Objective: Motorcycles and mopeds, often referred to as powered 2-wheelers (PTWs), play an important role in personal mobility worldwide. Despite their advantages, including low cost, space occupancy, and fuel efficiency, the risk of sustaining serious or fatal injuries is higher than that for occupants of passenger cars. The development of safety systems specific for PTWs represents a potential way to reduce casualties among riders. With the proliferation of new active and passive safety technologies, the question as to which might offer the most value is important. In this context, a prioritization process was applied to a set of PTW active safety systems to evaluate their applicability to crash scenarios alone and in combination. The systems included in the study were antilock braking (ABS), autonomous emergency braking (AEB), collision warning, curve warning, and curve assist. Methods: With the functional performance of the 5 safety systems established, the relevance of each system to specific crash configurations and vehicle movements defined by a standardized accident classification system used in Victoria, Australia, was rated by 2 independent reviewers, with a third reviewer acting as a moderator where disagreements occurred. Ratings ranged from 1 (definitely not applicable) to 4 (definitely applicable). Using population-based crash data, the number and percentage of crashes that each safety system could potentially influence, or be relevant for, was defined. Applying accepted injury costs permitted the derivation of the societal economic cost of PTW crashes and the potential reductions associated with each safety system given a theoretical crash avoidance effectiveness of 100%. Results: In the 12-year period 2000–2011, 23,955 PTW riders and 1292 pillion passengers were reported to have been involved in a road crash, with over 500 killed and more than 10,000 seriously injured; only 3.5% of riders/pillion passengers were uninjured. The total economic cost associated with these injured riders and pillion passengers was estimated to be AU$11.1 billion (US$7.70 billion; €6.67 billion). The 5 safety systems, as single solutions or in combination, were relevant to 57% of all crashes and to 74% of riders killed. Antilock braking was found to be relevant to the highest number of crashes, with incremental increases in coverage when combined with other safety systems. Conclusions: The findings demonstrate that ABS, alone and in combination with other safety systems, has the potential to mitigate or possibly prevent a high percentage of PTW crashes in the considered setting. Other safety systems can influence different crash scenarios and are also recommended. Given the high cost of motorcycle crashes and the increasing number of PTW safety technologies, the proposed approach can be used to inform the process of selection of the most suitable interventions to improve PTW safety.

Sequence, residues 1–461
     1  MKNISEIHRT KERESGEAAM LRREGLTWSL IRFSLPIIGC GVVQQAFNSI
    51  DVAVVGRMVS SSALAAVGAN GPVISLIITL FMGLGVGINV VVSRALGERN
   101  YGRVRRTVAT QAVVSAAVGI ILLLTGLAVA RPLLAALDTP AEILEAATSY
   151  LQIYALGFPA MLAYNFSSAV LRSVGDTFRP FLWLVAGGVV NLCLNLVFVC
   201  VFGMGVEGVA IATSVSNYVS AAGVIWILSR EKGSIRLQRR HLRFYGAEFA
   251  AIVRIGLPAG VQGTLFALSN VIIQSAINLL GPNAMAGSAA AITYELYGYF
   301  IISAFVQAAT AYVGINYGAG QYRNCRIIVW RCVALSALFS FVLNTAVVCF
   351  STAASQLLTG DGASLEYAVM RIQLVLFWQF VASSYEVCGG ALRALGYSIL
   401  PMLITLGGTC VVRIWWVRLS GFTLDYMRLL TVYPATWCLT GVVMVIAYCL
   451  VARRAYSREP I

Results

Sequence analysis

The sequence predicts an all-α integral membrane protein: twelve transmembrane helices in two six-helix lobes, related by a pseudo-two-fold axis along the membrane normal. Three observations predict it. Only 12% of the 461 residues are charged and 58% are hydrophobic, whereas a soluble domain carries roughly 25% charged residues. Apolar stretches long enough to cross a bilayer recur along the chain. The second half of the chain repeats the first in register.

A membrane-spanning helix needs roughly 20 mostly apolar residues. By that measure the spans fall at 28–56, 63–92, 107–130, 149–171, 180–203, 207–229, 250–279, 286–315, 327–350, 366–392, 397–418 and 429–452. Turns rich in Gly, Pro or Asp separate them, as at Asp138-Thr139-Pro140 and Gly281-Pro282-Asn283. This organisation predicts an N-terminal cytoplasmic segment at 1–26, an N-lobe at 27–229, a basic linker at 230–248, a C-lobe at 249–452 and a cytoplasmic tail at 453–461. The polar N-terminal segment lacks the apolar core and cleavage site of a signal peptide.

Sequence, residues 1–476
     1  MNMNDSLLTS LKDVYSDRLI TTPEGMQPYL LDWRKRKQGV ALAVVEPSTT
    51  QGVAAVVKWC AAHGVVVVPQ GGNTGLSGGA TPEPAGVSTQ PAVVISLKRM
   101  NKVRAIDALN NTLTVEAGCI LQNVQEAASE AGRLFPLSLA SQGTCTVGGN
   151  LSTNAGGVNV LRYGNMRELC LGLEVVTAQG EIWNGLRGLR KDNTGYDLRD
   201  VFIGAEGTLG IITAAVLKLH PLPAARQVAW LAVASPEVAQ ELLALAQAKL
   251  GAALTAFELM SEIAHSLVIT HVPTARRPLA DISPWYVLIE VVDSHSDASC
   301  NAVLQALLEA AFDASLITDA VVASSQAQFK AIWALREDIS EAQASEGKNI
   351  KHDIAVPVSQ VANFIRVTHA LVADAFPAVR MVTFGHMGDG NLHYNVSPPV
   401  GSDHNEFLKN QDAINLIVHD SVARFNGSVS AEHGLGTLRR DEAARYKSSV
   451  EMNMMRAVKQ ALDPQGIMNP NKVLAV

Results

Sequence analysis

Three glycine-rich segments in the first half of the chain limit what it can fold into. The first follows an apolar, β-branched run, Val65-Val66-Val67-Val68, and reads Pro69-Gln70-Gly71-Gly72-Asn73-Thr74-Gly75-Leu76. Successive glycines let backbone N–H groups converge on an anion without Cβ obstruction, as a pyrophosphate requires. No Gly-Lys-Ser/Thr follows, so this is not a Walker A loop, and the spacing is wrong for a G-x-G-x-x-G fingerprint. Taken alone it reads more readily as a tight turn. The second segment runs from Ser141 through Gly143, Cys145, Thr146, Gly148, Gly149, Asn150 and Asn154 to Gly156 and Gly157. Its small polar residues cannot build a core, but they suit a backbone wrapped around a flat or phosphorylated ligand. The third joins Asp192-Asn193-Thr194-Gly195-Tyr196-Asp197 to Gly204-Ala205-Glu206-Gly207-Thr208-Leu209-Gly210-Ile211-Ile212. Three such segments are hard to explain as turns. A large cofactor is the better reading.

... This approach uses highly detailed data from in-depth databases and/or also data from national accident statistics (more likely less detailed compared to in-depth data) and searches for effects that the market introduction of specific systems had. Retrospective analysis for example was used to assess the safety effect of ESP (Electronic Stability Program) by Langwieder et al. [1], Sferco et al. [2], Lie et al. [3] or Aga and Okada [4]. The disadvantage in regard of effectiveness assessment of active systems is that the safety effects can be seen only when a sufficient number of datasets is available to perform this type of investigation, which might require years of data collection after market introduction. ...